Organizations can’t resist broadcasting when customers just want to get something done.
This was a website that was “blowing the doors off” web design, I was told. Oh yeah? I bet you it’s also innovative and cutting-edge with awesome branding. I have learned over the years that whenever I hear these sort of fantastic phrases, it can only mean one thing.
It will be a huge beautiful image that dominates the entire page. There will be some vague meaningless words and phrases. And there will be nothing much to do (or whatever there is to do will be very hard to find and do). Rather, you will be expected to just sit there and experience the branding.
Bob Johnson, my colleague, had sent me the link to Bucknell University whose website was blowing off doors from an innovative design point of view, or so some were saying. The first time I visited it had a forgettable phrase that I’ve since forgotten and a picture of beautiful flowers. (Students choose universities based on the beauty of their flowers.)
The last time I visited it all I saw on the page was this phrase “We don’t mean to bug you.” Some seconds later a huge picture of a beautiful bug appeared. It’s clever and that’s its problem. There are other clever links on the page, such as “Now” and the “Everything Directory” and “What do you want to see?” There was also a command: “Scroll Down.” There was also a link inviting us to “Customize this Homepage.” However, there was no obvious link that would let you actually customize it.
This is classic brochureware, billboard-on-the-highway design. It’s the weed that won’t go away. Logic and customer data stamps it out for a while, but then it pops up again. Why? Because traditional marketers and communicators love it. It massages the organizational ego, makes you feel special, makes you feel beautiful, but most importantly, it makes you feel you are in control of the message and the customer.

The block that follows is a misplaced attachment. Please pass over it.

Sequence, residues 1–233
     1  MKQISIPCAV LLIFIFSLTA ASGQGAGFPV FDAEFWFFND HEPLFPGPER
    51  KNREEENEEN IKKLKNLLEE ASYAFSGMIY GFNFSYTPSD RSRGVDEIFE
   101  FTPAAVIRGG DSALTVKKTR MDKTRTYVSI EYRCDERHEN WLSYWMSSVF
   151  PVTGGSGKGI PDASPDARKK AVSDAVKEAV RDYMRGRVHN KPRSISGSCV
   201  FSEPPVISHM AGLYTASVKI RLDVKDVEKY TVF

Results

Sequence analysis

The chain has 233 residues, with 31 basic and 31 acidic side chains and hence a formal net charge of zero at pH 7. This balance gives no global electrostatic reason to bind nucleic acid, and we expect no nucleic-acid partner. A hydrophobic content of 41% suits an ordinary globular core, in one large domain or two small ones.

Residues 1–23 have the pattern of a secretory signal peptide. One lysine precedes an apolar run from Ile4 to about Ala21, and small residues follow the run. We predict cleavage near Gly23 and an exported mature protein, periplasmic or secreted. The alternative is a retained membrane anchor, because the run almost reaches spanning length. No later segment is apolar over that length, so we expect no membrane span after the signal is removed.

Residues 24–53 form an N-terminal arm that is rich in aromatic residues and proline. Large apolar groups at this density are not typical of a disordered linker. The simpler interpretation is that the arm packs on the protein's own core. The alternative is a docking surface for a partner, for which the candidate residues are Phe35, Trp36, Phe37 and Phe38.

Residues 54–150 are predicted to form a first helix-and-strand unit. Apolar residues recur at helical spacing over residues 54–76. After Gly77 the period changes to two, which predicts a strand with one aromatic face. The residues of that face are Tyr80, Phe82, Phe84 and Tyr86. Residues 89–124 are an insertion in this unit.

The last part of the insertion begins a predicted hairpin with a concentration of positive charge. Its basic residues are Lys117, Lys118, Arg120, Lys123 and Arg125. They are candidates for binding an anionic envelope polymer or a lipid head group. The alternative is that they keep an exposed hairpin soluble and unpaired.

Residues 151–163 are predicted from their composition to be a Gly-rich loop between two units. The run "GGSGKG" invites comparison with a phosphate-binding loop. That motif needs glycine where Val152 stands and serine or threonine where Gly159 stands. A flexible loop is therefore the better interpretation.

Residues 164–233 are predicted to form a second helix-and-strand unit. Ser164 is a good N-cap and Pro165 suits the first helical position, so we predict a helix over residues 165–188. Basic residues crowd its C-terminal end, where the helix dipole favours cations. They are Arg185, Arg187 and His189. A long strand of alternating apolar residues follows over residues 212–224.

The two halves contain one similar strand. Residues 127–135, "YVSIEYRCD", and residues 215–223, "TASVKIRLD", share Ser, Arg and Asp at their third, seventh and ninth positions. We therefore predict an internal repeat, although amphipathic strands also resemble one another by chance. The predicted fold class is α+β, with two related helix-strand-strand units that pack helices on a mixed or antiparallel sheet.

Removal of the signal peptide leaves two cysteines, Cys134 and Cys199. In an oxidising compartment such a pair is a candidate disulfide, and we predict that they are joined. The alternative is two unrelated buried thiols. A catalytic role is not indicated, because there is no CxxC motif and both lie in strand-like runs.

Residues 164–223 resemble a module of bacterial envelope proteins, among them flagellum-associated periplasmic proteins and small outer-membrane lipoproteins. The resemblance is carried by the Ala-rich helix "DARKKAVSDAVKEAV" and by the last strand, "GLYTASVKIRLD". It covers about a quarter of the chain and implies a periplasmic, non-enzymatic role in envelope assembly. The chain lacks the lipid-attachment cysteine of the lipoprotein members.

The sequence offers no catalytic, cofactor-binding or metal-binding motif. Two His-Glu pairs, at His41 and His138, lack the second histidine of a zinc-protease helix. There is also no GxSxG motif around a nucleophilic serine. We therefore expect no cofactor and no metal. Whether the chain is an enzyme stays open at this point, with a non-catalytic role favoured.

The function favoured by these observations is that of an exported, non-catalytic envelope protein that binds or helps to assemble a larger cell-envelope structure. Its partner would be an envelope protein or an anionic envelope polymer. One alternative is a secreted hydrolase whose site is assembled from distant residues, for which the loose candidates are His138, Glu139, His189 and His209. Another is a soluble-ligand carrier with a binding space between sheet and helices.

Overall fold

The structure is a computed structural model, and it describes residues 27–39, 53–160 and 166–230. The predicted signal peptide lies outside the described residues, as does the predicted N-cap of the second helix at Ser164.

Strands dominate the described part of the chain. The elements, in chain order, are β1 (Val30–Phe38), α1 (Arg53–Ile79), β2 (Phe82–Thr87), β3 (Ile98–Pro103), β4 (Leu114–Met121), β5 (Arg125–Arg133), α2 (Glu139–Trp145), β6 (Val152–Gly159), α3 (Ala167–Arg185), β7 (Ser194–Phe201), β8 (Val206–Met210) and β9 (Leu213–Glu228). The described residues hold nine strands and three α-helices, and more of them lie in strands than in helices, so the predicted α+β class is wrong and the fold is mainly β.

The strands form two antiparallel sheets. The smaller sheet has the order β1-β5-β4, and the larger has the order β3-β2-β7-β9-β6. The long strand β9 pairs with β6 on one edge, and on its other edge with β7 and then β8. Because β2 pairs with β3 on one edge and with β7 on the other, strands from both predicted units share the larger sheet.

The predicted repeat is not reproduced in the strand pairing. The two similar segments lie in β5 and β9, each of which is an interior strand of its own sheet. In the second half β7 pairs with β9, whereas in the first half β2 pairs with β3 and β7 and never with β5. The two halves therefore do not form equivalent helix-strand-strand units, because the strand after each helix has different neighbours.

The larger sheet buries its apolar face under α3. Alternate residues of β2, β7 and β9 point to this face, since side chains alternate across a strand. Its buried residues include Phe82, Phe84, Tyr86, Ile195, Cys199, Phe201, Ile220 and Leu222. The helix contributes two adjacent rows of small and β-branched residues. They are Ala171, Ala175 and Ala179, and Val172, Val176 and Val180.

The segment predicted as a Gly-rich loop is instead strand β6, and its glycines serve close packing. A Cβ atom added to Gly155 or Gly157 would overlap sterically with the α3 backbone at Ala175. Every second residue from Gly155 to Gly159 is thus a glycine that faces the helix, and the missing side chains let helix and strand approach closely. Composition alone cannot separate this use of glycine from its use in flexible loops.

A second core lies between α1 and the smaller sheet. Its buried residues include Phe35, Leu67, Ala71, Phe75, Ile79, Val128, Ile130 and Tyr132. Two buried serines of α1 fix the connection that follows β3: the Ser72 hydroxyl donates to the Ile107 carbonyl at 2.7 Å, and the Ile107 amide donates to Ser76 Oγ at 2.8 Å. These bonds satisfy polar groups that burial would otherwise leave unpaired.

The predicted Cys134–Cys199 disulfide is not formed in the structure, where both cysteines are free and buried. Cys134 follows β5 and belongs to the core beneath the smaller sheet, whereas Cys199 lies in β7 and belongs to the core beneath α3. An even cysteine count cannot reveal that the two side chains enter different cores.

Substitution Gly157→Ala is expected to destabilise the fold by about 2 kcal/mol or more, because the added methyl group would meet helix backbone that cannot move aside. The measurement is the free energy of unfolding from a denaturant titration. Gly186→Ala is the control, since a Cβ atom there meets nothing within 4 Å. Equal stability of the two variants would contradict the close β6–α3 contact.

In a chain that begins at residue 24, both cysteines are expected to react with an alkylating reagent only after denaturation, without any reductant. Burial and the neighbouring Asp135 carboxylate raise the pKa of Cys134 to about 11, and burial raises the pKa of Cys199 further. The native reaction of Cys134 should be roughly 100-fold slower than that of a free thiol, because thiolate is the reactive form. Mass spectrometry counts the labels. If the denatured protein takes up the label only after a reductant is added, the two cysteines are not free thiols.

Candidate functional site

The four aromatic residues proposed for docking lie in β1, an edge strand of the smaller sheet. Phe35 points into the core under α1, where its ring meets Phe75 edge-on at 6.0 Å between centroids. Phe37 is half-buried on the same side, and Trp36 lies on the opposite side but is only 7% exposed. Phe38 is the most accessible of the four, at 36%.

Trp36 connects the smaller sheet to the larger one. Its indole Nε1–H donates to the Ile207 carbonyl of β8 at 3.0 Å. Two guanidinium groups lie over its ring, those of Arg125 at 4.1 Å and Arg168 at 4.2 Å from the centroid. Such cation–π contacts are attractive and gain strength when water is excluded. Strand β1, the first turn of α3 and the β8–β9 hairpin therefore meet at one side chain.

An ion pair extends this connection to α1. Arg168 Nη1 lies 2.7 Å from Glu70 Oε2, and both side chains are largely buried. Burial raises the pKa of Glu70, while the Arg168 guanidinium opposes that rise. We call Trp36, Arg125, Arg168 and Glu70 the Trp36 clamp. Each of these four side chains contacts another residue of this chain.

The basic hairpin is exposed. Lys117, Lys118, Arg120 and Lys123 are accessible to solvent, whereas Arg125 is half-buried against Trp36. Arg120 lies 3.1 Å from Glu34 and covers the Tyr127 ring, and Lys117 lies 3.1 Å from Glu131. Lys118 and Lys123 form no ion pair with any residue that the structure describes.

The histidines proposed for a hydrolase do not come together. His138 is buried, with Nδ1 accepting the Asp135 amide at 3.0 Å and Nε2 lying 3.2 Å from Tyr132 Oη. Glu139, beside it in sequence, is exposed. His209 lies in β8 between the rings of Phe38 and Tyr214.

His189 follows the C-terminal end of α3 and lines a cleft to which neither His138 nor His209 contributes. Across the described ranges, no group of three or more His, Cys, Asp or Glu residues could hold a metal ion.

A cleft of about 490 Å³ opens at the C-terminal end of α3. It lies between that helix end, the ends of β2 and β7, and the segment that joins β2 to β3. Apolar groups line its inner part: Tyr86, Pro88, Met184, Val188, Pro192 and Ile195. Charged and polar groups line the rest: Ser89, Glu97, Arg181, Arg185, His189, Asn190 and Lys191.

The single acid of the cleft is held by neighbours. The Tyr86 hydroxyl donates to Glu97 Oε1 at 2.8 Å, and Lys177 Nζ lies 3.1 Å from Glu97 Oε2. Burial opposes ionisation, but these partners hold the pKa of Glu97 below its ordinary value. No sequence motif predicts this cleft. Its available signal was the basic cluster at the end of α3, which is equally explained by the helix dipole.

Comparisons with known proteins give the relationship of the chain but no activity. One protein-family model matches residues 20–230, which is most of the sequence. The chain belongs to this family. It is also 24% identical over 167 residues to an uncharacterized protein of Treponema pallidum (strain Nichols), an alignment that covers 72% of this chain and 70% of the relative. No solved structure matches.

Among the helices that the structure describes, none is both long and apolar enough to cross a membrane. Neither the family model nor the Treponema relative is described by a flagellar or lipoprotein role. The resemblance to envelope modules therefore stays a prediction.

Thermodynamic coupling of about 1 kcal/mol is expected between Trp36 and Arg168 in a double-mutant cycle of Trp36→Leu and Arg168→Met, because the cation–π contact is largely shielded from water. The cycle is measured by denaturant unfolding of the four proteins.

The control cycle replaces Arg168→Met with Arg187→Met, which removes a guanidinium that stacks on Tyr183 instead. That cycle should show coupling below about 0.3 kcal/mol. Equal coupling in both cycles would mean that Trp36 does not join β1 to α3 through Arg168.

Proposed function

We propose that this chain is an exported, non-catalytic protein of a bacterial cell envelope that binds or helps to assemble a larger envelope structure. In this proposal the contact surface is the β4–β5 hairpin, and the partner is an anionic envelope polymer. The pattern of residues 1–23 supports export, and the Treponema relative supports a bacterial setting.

In this sense, it is the opposite of web and social culture. The educated, cynical, skeptical task-focused customer wants to know what they can do on your website, not what they can view. Billboard brochureware is for the passive customer, the customer ready to consume whatever the organization presents as new and important.
Billboard brochureware is the opposite of fast and usable. It is the opposite of mobile. Huge pictures are so print, so broadcast. They represent the quintessence of the organization telling you what it wants you to hear. It’s the organization whining: “Pay attention to what I’m saying to you!”
There doesn’t have to be a conflict between the organization and the customer. But unfortunately there often is because many organizations can’t get away from that precious feeling that they are the center of the universe.
It’s not, of course, that big pictures are always wrong on the web. Rather, it is the old-school marketing and communication org-think that they so often represent. It is possible to have the best of both worlds.
For example, the University of Ottawa website (which was developed by our partners Neo Insight) does use big pictures on its homepage, but in the center of the pictures are clear tasks: Find a Program, Estimate Costs, Calendar & Deadlines, Search the iLibrary. Things that actually matter to people. Useful things.
About the Author
Gerry McGovern, a content management author and consultant, has spoken, written and consulted extensively on writing for the web and web content management issues since 1994. His latest book is titled The Stranger's Long Neck: How to Deliver What Your Customers Really Want Online.
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